There's something refreshingly honest and personal about Java St. Bagatelles. This solo guitar recording is the first release by James Beaudreau, who has appeared as a sideman with The Billy Nayer Show and Grand Mal. The CD was recorded in the kitchen of Beaudreau's former apartment on Java Street in Brooklyn, and the music has a warm, homey feel that's rarely found in early 21st Century music.
Most of the 24 tracks were improvised and throughout Beaudreau shows an impressive inventiveness, with beautifully shaped notes and interesting chordal choices. The tunes are wonderfully lyrical, but moments of dissonance and unexpected endings keep the listener on their toes. The brief, haiku-like titles"Walnut Star," "Plum," "Maple Moon"point to the music's delicious ephemeral quality. Although each song is unique, the gentle, lace-like melodies weave into a cohesive whole.
Beaudreau plays with a refined delicacy that creates its own unique world. There's no frills or pretense in this music, but that doesn't mean it's not rich. We live in such a noisy world and this gentle CD of solo guitar music is what's needed to refresh our spirits and senses.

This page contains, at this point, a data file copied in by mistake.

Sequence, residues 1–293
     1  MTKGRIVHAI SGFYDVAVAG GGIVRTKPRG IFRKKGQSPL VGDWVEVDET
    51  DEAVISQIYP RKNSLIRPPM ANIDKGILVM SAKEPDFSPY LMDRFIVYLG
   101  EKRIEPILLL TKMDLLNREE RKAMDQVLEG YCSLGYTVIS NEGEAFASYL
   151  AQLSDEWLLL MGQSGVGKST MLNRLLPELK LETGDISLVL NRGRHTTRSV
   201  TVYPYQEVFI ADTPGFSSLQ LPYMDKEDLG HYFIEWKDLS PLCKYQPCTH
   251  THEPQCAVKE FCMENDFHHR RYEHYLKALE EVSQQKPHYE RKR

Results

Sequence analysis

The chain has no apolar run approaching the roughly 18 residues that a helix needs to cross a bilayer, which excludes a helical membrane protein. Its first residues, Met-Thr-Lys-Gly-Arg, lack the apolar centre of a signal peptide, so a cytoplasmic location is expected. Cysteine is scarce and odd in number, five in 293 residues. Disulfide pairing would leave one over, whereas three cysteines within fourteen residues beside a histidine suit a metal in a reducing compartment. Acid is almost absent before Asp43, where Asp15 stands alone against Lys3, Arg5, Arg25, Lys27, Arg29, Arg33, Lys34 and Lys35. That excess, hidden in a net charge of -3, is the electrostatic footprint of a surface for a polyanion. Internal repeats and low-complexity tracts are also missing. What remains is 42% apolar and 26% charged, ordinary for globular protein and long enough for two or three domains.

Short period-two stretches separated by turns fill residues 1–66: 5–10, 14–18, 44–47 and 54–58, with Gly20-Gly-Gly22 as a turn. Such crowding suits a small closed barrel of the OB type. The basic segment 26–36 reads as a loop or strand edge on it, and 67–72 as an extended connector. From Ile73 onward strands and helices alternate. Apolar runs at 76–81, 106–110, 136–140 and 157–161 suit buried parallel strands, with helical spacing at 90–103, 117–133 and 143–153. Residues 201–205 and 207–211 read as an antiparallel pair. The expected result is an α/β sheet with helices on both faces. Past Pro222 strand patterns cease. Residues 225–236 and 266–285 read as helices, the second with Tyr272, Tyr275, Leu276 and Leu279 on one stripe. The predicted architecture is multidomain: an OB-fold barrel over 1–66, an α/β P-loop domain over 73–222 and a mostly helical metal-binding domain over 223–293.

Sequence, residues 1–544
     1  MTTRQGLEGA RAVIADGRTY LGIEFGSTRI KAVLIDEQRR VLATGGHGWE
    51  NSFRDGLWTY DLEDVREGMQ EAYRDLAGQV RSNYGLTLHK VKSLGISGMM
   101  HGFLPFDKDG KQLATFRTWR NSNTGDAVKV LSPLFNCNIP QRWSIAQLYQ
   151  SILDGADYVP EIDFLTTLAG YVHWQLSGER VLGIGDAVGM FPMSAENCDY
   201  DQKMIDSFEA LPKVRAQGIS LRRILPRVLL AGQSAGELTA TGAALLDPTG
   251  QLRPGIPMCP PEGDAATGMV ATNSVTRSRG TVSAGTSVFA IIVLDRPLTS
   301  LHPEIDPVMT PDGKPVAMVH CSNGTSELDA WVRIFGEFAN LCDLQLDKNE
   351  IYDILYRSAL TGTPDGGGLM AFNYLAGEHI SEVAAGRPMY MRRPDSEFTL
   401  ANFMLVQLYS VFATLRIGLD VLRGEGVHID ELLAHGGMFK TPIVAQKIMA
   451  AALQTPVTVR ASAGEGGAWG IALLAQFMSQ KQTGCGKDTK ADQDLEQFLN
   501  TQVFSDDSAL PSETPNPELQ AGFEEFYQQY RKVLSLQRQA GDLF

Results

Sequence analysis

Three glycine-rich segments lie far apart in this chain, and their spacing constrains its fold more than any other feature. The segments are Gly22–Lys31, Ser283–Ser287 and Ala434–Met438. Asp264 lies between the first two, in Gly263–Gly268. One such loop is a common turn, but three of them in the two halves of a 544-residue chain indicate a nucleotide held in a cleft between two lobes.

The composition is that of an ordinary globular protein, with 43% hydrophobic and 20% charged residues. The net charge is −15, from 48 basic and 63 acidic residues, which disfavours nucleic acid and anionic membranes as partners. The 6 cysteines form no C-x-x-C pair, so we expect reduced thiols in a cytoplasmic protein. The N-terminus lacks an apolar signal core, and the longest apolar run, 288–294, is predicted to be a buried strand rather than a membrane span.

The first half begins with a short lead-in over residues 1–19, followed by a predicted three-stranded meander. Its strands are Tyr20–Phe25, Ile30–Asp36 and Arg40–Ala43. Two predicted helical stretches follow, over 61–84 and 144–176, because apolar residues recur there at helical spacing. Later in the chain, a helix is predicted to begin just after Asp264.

Track Listing: Welcome; Pressed Grass; Meadow March; Hare; Plum; Nebula; The Unexpected Guest; Tea and Scone; Piano Roll; Tangerine; Blimp; Northward Vale; Maple Moon; Overhedge; Daffodil; Wheelhouse; August; Walnut Star; The Robot Prince; Spanish Moss; Under the Tree on the Hill; Twilight Time; Wafer Bridge; Fort Tryon.
I was first exposed to jazz while working overseas in Africa as a Peace Corps Volunteer. I would listen to the Voice of America on the radio and they had a nightly jazz program on at 10:00pm. I learned a lot about jazz listening to this program. I also had a friend who listened to real jazz by artists like Charles Mingus, Eric Dolphy and Archie Shepp. On my way home from Africa I landed in New York and had the opportunity to see the George Adams/Don Pullen quartet at the Village Vanguard as well as Kenny Barron and Ron Carter at another club, and was in heaven.